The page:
• Evaluate potential conflicts of interest disclosed by hedge fund managers. For example, if the investment adviser recommends that investment in a fund that the adviser manages, there may be a conflict of interest because the adviser may earn higher fees from the investment in the hedge fund than the adviser might earn from other potential investments.
  • Understand how a fund’s assets are valued. Hedge funds may invest in highly illiquid securities that may be difficult to value. Moreover, many hedge funds give themselves significant discretion in valuing illiquid securities. You should understand a fund’s valuation process and know the extent to which a fund’s securities are valued by independent sources. Valuations of fund assets will affect the fees that the manager charges.
  • Understand how a fund’s performance is determined. Hedge funds do not need to follow any standard methodology when calculating performance, and they may invest in securities that are relatively illiquid and difficult to value. By contrast, the federal securities laws dictate how mutual funds can advertise their performance by requiring specific ways to calculate current yield, tax equivalent yield, average annual total return and after-tax return, as well as having detailed requirements for the types of disclosure that must accompany any performance data. 
  • Understand any limitations on the right to redeem shares. Unlike mutual funds where an investor can elect to sell shares on any given day, hedge funds typically limit opportunities to redeem, or cash in, shares (e.g., monthly, quarterly or annually), and often impose a “lock-up” period of one year or more, during which an investor cannot cash in his or her shares. Further, hedge funds may charge a redemption fee before an investor is allowed to cash in his or her shares. Hedge funds may also have authority to suspend redemptions under certain circumstances, including in times of market distress or when their investments are not able to be quickly or easily liquidated.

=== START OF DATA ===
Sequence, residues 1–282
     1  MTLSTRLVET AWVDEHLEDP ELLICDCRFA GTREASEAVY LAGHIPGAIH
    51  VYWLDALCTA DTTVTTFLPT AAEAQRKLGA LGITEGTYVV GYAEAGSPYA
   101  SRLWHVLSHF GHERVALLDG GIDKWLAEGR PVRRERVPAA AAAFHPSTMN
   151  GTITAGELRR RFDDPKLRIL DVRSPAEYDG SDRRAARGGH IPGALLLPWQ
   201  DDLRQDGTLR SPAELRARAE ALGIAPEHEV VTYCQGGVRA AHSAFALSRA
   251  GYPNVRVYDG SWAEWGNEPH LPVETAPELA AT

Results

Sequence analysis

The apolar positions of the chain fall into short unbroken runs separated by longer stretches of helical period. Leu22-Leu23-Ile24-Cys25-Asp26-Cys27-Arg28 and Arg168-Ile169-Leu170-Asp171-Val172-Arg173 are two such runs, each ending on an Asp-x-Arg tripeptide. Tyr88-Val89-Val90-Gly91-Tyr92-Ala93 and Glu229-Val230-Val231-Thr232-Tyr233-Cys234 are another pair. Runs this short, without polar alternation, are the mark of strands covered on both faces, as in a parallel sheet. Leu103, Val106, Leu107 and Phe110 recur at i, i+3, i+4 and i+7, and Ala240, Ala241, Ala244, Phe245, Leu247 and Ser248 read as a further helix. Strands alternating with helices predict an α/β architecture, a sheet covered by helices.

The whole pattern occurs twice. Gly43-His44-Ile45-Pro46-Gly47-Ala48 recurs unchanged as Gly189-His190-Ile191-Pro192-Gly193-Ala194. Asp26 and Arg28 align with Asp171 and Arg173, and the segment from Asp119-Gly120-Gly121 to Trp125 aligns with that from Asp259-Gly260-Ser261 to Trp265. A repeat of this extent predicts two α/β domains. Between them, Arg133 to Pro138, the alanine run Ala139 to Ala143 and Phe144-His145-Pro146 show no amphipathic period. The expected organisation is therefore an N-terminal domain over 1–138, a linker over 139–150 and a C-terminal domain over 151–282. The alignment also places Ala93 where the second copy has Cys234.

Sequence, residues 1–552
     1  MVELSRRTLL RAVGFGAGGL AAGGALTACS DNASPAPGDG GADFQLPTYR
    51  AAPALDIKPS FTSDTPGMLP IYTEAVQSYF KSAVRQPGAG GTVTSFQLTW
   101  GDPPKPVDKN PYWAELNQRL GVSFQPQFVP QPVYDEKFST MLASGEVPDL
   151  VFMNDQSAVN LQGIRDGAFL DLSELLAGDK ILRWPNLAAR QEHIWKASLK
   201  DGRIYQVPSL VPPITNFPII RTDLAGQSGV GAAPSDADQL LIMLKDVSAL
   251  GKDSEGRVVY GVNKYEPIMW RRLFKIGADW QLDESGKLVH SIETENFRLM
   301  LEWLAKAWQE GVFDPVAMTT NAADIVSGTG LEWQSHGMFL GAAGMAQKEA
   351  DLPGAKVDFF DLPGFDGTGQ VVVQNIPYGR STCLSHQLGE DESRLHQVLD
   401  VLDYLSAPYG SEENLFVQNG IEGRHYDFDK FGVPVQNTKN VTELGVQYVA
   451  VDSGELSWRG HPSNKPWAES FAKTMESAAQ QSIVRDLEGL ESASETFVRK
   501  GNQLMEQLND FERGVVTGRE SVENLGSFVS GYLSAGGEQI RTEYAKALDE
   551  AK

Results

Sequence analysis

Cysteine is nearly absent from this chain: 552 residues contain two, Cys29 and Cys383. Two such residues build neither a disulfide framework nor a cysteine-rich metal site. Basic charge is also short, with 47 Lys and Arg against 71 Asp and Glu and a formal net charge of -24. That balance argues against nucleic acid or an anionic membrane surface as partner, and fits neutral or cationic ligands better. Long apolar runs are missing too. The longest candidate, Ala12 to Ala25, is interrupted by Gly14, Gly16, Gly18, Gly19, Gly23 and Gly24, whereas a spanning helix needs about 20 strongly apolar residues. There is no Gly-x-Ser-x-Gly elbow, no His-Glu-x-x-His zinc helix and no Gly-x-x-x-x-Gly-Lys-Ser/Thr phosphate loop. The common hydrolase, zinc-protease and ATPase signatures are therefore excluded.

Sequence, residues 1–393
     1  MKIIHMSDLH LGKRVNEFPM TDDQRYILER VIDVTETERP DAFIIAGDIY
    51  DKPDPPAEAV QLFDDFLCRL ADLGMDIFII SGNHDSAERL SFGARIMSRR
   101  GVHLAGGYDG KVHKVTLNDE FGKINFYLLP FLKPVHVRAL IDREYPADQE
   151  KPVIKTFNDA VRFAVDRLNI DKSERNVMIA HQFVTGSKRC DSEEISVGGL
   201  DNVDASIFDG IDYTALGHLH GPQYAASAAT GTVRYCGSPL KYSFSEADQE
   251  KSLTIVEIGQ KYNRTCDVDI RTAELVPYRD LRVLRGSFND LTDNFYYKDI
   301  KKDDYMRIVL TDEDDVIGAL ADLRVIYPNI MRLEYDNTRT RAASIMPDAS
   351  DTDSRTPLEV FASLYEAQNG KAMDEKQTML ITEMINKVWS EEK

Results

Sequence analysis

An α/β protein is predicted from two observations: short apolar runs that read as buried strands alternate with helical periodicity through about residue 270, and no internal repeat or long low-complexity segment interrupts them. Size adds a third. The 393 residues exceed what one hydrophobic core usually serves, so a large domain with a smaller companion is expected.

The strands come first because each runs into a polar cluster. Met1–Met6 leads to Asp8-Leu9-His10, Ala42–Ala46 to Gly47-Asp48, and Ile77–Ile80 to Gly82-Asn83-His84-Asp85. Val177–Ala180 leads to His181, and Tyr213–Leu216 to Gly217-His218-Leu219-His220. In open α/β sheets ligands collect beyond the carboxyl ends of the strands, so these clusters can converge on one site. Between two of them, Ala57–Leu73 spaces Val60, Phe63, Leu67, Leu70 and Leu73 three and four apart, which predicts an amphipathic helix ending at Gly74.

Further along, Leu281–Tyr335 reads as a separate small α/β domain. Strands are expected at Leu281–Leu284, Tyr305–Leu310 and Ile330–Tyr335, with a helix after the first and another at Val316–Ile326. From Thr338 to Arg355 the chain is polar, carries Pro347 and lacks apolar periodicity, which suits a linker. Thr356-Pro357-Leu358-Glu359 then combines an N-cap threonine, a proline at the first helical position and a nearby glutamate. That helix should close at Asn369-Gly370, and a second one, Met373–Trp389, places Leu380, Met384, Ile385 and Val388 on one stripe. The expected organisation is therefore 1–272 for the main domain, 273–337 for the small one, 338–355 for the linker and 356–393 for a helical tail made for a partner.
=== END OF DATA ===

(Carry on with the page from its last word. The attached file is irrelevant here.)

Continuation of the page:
• Research the backgrounds of hedge fund managers. Investors should be sure that the hedge fund manager is qualified to manage money. In doing so, investors should ascertain whether the fund manager has a disciplinary history within the securities industry.
  • Ask about fees and expenses. Fees and expenses affect an investors’ return on investment. Hedge funds typically charge an annual asset management fee of 1 percent to 2 percent of assets as well as a “performance fee” of 20 percent of a hedge fund’s profit. These fees are typically higher than the fees charged by a mutual fund. A performance fee could motivate a hedge fund manager to take greater risks in the hope of generating a larger return.
  • Ask about how a fund’s assets are safe guarded. A hedge fund’s manager generally has authority to access and transfer the fund’s assets. To guard against this, many hedge funds undergo an annual financial audit by an independent auditor that includes verification of the existence of the fund assets. Investors should inquire about where a fund’s assets are held (e.g., whether they are held in custodial accounts at a reputable bank or broker) and whether an independent third party confirms or otherwise verifies the existence of the fund’s assets.

Jeffrey M. Haber is a partner and co-founder of Freiberger Haber LLP.

This article is for informational purposes and is not intended to be and should not be taken as legal advice.


  1. Robert Stammers, How Can Investment Professionals Build Trust?, CFA Institute (June 22, 2018) (here).